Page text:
Code optimization is one of the fundamental steps in software development. All programmers want their code to run faster or take up less space (and sometimes both). Given the complexity of modern CPU architectures, however, when you get down to the processor level, effective optimization can be incredibly difficult, not to mention time-consuming.
That's why most programmers don't bother -- that is, they seldom perform such low-level optimizations by hand. Instead, they rely on optimizing compilers to go the last mile for them. Today's optimizing compilers output machine code so compact and efficient that only a master assembly language programmer could compete. Further optimization by hand simply isn't worth the effort.
But that implies a good optimizing compiler exists for a given architecture. Finding good compilers for mainstream desktop CPUs is easy, but that's not always the case for mobile devices. In the fast-paced world of embedded systems, processor architectures can change so quickly that compiler designers have a hard time keeping up.
The MilePost project, a consortium of researchers backed by IBM Research and the European Union, thinks it has the answer. It's developed a new, experimental version of the GCC compiler that uses artificial intelligence to improve the quality of its own output. The goal is to allow compiler developers to spend less time tweaking compilers for specific platforms by enabling the compilers to handle that part on their own. It's a wacky but fascinating idea -- and it might just be the future of compiler design.
A learned approach to optimization
As it stands today, MilePost is hardly HAL 9000. It won't write your code for you or even suggest more efficient algorithms. What it can do, however, is use machine-learning techniques to gather data about software performance and adjust the machine code it outputs accordingly.
It's a complex process -- and there are plenty of research papers available if you want to delve deeper -- but in a nutshell, it works by analyzing the source code input to find specific "features" that might be good candidates for optimization. In this context, features might include such traits as the number of subroutines in the code that take a lot of parameters, whether there are a lot of nested loops, or which types of math the program uses most often. Once MilePost has built a catalog of all the features present in a given program, it can use statistical techniques to decide which optimizations will yield the best results and readjust its own modular design as appropriate.
This isn't so different from what human compiler developers have been doing for years, but for humans the process is much more arbitrary. Often the best they can do is to guess which optimizations will be desirable the most often. MilePost has the advantage of basing its decisions on statistical data gathered from real-world use cases in specific environments. Initial tests by IBM have shown that MilePost can improve performance by as much as 18 percent versus the code output by traditional compilers.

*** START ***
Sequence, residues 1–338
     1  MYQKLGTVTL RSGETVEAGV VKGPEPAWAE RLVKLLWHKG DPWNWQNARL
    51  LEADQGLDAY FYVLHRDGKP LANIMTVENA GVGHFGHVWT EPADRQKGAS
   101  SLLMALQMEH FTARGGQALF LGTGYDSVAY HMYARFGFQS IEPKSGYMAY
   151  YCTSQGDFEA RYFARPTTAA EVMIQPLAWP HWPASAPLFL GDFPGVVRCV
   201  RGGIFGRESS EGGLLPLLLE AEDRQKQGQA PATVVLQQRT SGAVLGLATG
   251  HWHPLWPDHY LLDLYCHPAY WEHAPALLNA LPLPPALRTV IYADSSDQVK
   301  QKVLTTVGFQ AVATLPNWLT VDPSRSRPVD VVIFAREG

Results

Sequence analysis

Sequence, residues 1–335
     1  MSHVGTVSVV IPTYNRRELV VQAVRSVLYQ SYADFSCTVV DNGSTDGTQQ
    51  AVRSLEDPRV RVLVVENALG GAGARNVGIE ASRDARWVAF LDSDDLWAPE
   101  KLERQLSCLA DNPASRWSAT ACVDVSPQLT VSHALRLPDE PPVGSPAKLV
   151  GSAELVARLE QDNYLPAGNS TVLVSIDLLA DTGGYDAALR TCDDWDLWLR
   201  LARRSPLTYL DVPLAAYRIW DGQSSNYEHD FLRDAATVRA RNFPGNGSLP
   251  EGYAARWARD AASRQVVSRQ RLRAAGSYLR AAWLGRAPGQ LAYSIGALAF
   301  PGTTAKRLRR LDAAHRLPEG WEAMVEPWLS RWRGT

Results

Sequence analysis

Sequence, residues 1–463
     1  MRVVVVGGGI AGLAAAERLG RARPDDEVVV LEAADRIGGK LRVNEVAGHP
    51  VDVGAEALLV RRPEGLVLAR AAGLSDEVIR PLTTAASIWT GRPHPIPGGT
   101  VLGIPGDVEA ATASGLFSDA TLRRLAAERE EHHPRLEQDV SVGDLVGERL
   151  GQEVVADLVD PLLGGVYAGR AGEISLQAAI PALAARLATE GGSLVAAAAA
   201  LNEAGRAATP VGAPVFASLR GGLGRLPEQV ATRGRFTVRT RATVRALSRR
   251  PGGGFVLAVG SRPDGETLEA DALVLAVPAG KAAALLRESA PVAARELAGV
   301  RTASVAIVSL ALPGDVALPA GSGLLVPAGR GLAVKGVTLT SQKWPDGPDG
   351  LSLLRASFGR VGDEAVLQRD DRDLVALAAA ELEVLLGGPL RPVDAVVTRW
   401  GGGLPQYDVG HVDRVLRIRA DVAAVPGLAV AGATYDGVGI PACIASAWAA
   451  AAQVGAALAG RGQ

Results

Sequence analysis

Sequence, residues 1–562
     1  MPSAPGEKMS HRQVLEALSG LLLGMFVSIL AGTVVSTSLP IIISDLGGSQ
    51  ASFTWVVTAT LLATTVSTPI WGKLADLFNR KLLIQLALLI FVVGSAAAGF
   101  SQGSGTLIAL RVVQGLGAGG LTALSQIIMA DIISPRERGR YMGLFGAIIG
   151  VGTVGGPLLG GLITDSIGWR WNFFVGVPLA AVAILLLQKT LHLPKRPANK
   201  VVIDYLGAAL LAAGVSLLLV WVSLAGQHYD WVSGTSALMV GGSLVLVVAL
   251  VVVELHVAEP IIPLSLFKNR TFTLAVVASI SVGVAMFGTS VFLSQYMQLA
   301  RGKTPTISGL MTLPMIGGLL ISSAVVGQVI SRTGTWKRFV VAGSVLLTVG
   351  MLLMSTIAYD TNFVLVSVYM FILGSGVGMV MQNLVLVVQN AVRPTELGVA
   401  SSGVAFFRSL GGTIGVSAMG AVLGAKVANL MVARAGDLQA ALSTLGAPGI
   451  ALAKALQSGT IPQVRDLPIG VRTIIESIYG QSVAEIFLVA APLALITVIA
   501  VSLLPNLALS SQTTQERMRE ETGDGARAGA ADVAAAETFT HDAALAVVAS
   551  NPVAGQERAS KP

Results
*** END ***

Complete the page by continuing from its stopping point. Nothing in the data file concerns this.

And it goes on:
In addition, the MilePost project has since spawned the Collective Tuning Initiative, a Web-based collaboration effort with a goal of accumulating still more information that can be applied to improve self-modifying compilers, such as MilePost.
It's about more than just speed
It's fair to ask how important this kind of low-level optimization really is, when processors seem to be gaining speed by leaps and bounds each year. Most users probably don't use half the processor power of their PCs already. But while that may be true on the desktop, it's a different story in the world of mobile devices. When targeting devices with low-powered processors and limited resources, code optimization isn't an option -- it's essential.
Developers of software for handhelds often target several platforms at once. Achieving equivalent performance on each platform can require extensive optimization, and if no mature optimizing compilers exist, that optimization has to be done by hand. This process might take months, adding considerable overhead to the development budget and delaying time to market. But a machine-learning compiler that adapts to each platform individually could eliminate much of this drudgework, slashing development costs in the process.
In the long term, machine learning technology could benefit compilers in other ways, too. One possible application is to help optimize software for modern, multicore processors. Parallelization remains one of the more challenging aspects of programming, with many potential pitfalls. A compiler that uses machine learning to identify ways to parallelize code automatically could be a tremendous boon to the software industry as a whole, as chipmakers increasingly turn toward multicore designs.
For now, MilePost remains very much an experimental project. You can download the current working version in source code form, build it, and start experimenting yourself. But don't expect to deploy it for your next software project just yet. Nonetheless, MilePost represents exciting research that could pave the way for the next major evolution in compiler technology. If you care about software efficiency, and particularly if you develop software for handheld devices or other embedded systems, it's one to keep your eye on.